Far Out: Skiing Ice Spikes in the Bolivian Andes

The Photo Annual is on the newsstands, and across the U.S., winter is gearing up. To keep that stoke rolling, we present “Far Out,” a new web series where some of our contributing photographers share their wildest and most remote assignments over the year.

Salt Lake, Utah-based photographer Jim Harris has built a portfolio of high-altitude badassery. And with trips to Antarctica, Mongolia and Patagonia checked off the bucket list, Harris is no stranger to traveling to the unknown to get the shot. For this edition, Harris talks about a trip to Bolivia, which came to fruition after he was contracted in 2010 for the Sweetgrass Productions film “Solitaire,” his first video shoot. The team landed in the capital, La Paz, with little beta and no shortage of excitement. But after a few weeks of filming, Harris summarized the trip as a “sufferfesty” learning experience. Here’s what he had to say.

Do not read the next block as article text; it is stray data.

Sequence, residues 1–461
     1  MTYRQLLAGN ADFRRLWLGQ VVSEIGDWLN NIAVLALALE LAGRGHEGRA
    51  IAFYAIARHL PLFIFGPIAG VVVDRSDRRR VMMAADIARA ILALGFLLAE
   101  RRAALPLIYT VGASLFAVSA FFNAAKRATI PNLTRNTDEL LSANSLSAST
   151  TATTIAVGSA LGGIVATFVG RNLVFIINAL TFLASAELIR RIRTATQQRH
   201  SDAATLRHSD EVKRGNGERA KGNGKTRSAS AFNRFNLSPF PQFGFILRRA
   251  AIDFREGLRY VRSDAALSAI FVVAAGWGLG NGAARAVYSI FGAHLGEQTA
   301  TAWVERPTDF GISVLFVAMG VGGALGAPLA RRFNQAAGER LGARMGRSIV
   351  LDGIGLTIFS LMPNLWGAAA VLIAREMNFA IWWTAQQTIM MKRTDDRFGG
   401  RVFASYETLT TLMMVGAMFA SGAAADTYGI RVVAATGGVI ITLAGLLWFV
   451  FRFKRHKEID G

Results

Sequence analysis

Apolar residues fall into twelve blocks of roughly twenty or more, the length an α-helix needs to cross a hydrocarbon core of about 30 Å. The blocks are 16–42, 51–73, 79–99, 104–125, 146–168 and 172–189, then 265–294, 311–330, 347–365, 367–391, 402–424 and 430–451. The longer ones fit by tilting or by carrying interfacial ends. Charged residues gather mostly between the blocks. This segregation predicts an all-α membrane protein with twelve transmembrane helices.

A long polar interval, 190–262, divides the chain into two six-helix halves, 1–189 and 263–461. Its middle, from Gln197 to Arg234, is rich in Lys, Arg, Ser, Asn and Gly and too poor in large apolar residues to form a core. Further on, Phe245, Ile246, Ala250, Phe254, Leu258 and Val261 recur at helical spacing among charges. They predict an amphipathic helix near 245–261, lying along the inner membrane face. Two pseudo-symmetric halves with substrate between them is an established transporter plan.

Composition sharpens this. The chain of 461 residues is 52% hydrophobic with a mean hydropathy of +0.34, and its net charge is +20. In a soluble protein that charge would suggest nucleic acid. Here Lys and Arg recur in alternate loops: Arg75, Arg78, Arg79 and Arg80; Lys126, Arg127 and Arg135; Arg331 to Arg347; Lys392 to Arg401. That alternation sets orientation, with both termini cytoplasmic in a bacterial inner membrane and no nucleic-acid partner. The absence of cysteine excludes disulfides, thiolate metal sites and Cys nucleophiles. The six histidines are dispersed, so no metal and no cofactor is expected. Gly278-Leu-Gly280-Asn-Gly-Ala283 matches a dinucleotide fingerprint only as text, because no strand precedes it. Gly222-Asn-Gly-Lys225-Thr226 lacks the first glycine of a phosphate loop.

Sunrise on Illimani, Bolivia above La Paz

Sunrise on Illimani, Bolivia above La Paz.

In 2010, Sweetgrass productions started working on “Solitaire.” They set out to film a ski movie set entirely in South America. At the time, I had never been published. I was an amateur photographer doing mountain-guiding work, outdoor education and generally being a ski bum. At some point, I don’t even remember how the connection was made, but someone suggested that I could go work for Sweetgrass on this project.

A thunderstorm rolls in over the Andes, Bolivia

A thunderstorm rolls in over the Bolivian Andes.

Sweetgrass contacted me and asked if I wanted to go film in Bolivia. I was pretty straightforward with them and said, “Hey, I’m definitely interested, but I’ve never shot video before.” And I remember Ben Sturgulewski saying something along the lines of, “Well, as long as you have the rope skills, we can teach you the camera work.” So they hired me, because I had a background in glacier travel and working with ropes, and I went down to Bolivia.